Scripture gives us lots of answers to these questions, maybe not directly, but through examples, as well as doctrines related to salvation, called Soteriology. First some examples: When we look at John the Baptist’s and Jesus’ gospel presentation (or even their disciples), we never once find them trying to coax or persuade any one of their hearers to make a decision. Not once! There’s never a “what are you gonna do about it?” or “don’t you think it’s time you give your heart to Him?” or “aren’t you gonna give Jesus a try?” Not even anything close to such ploys or tactics. In fact, in John 6, we see many in a crowd, who had followed Jesus up to that point, stop hanging around Him from then on.
Look further at how Peter, Phillip, and Paul go about sharing the gospel of Jesus Christ to Jews and Gentiles in the book of Acts. At Pentecost, after finishing his historic sermon, Peter just ends his message. He has no invitation. He asks no follow-up questions. He makes no pleas. Instead, it’s the people who cry out, “What must we do?” Later, when Peter goes to Cornelius’ house, he again just starts sharing the gospel, and even before he’s finished speaking, Cornelius and some in his household begin speaking in tongues (sorry, that topic’s for another blog post!). Peter didn’t even get a chance to lead them in a prayer or get them to make a decision!
Phillip was told by an angel to go to the desert to have an encounter with an Ethiopian eunuch who was reading Isaiah and was asking Phillip for help in understanding Isaiah 53. Phillip explained how the chapter was talking of Christ and then proceeded to share the good news with him. Before he even had a chance to get the eunuch to walk down the aisle of the desert to “go forward” and make a decision, the eunuch asked him what was preventing himself from getting baptized. He was “good to go” before Phillip could do any professional follow-up.
Paul had many recorded gospel encounters with Jews and Gentiles, yet he never got the memo on coercing decisions out of his audience members. In fact, when he had a huge crowd at his attention on Mars Hill, where he had the perfect opportunity to have people bow their heads, close their eyes, and then raise their hands to indicate they were making a decision for Jesus, he totally dropped the ball and simply told them that their time of ignorance was over and they needed to repent of their sin. Over and over, when some people believed what he said and others rejected his message, Luke, the author of Acts, never records that Paul tried to get those who believed to write down that day’s date for assurance of their salvation, nor did he try to chase down those who rejected him to get them to pray a prayer or check off a box on a scroll.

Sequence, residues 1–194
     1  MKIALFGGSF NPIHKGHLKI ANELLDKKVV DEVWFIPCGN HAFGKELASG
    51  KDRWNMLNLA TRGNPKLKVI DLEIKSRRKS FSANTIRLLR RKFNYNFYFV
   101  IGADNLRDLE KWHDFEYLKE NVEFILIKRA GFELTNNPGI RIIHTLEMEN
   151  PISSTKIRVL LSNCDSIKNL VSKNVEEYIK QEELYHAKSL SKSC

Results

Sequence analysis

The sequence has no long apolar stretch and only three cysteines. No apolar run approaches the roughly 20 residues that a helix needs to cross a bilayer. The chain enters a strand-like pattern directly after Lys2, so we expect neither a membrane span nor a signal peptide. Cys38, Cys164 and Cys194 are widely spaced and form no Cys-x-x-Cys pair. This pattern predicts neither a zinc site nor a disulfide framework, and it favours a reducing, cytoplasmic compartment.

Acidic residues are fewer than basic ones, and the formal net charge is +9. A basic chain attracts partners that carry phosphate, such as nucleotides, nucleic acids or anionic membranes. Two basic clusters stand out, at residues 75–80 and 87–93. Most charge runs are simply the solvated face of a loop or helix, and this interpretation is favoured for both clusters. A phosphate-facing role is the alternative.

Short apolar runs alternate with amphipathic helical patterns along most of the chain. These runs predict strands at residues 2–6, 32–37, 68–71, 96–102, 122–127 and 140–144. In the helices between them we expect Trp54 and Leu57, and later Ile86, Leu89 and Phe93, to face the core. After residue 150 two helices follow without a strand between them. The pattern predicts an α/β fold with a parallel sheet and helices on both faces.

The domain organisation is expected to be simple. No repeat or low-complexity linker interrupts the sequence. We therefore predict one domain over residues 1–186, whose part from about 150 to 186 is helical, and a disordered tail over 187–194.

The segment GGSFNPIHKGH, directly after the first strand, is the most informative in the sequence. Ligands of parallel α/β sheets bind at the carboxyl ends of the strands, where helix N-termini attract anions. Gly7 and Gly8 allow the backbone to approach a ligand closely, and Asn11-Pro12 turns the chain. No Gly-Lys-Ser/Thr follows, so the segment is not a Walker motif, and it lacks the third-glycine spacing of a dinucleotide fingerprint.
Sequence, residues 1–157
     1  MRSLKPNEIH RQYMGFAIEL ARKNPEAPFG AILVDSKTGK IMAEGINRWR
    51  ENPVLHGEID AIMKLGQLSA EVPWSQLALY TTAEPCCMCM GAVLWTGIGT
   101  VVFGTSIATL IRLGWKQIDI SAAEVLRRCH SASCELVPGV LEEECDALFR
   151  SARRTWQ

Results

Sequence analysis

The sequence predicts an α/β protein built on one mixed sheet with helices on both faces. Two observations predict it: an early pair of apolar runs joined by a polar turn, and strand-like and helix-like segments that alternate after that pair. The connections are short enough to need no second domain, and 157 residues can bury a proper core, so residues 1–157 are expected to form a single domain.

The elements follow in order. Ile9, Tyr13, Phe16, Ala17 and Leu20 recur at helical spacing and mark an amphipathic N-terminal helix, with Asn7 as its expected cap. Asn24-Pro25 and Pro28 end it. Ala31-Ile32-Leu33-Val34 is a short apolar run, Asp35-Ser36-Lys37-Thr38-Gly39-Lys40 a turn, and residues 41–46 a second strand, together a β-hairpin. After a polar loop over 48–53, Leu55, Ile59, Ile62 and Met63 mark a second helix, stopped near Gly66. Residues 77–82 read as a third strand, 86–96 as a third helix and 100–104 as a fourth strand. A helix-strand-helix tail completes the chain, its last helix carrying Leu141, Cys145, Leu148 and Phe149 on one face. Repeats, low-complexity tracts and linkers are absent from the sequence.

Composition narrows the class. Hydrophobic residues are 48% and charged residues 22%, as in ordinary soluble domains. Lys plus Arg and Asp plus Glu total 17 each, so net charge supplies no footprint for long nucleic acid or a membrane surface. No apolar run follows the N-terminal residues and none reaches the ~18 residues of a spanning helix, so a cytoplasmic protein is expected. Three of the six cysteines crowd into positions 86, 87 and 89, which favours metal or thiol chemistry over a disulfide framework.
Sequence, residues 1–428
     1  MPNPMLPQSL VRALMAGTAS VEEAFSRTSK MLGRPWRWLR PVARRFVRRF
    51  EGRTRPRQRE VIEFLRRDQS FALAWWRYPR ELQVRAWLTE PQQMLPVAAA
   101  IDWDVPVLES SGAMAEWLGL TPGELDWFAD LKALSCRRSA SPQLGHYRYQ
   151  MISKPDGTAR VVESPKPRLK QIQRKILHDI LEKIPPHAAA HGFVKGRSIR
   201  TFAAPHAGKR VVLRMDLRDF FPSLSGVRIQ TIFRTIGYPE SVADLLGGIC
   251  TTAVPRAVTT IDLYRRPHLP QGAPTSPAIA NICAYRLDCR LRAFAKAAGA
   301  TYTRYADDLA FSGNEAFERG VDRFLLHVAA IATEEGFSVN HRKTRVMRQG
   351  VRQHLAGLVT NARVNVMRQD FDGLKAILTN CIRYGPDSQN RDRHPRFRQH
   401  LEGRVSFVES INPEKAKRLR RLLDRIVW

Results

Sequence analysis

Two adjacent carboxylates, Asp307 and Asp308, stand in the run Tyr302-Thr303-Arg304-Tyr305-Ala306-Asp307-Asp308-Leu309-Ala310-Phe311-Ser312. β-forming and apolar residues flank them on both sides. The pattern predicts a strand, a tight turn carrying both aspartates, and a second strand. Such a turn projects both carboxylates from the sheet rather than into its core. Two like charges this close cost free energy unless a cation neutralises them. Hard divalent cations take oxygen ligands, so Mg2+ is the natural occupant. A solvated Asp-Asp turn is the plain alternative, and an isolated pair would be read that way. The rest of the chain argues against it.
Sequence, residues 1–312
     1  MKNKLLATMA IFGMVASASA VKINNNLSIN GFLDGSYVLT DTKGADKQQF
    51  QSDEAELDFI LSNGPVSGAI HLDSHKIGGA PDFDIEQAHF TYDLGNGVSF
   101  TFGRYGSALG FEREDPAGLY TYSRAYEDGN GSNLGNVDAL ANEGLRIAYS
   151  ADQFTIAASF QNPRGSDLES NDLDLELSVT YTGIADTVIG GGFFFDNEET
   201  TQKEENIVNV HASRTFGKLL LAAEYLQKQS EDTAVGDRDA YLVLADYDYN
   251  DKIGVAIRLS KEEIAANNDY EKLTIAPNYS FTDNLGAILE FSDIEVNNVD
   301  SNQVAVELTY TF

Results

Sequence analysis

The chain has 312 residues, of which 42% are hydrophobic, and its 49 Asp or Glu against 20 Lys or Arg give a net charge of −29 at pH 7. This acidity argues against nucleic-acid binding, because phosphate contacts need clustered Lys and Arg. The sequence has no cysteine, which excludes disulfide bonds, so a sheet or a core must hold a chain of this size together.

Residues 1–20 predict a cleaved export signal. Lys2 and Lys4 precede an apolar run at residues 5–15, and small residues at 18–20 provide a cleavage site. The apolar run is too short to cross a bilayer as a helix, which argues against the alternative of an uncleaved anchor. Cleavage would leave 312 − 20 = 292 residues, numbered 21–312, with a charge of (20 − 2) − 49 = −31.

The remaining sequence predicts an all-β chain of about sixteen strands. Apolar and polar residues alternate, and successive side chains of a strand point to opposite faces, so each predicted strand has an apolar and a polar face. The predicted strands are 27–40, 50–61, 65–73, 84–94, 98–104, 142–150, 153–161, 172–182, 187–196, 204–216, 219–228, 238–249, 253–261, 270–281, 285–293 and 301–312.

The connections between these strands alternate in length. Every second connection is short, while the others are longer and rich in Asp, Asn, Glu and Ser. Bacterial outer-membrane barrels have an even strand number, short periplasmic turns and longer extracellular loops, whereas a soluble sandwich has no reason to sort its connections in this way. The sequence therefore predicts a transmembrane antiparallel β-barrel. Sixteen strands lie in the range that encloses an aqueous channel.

If there are NO recorded examples of any of these modern day evangelistic tools, why are such tactics so popular in so many evangelical circles?!? Is the Bible wrong? Or has today’s professing church gotten off track?
Ephesians 2:8-9 tell us that it is “by grace alone through faith alone” that anyone receives salvation; it is “not of works” so that no one can lay any claim to any work that they did to garner eternal deliverance. Titus 3:5 says that it’s “not by any works of righteousness that we have done, but according to His mercy, He saved us.” The Bible further articulates that it’s the law that shows men that they are guilty of breaking God’s laws; and it’s the Holy Spirit who convicts men of their sin. Without conviction of sin, there is no response of repentance (sorrow over one’s sin and the consequential desire to turn from it). Without repentance, there is no change of will, heart, and mind. Without the change, there is no faith in Christ alone (His perfect, obedient life or His substitutionary death in our place) for salvation.
The danger in coaxing someone to pray a prayer or walk down an aisle or raise a quiet hand or check off a box on a response card is the erroneous message any of these acts sends to those who do such things. It leads them to believe that THAT action saved them. When anyone asks them if they’re saved, they point to “the act” they performed that is the sole basis for their assurance, rather than to Jesus and what He did. And when confronted about the lack of fruit in their lives after their “decision,” they again erroneously point to “the act” as proof that they “got saved,” not to any examples of holy living and/or abandonment of sinful practices.
Get the point?
Follow the tried-and-true examples of Jesus, John the Baptist, and the earliest disciples: Just give ‘em the gospel and let the Spirit do the rest!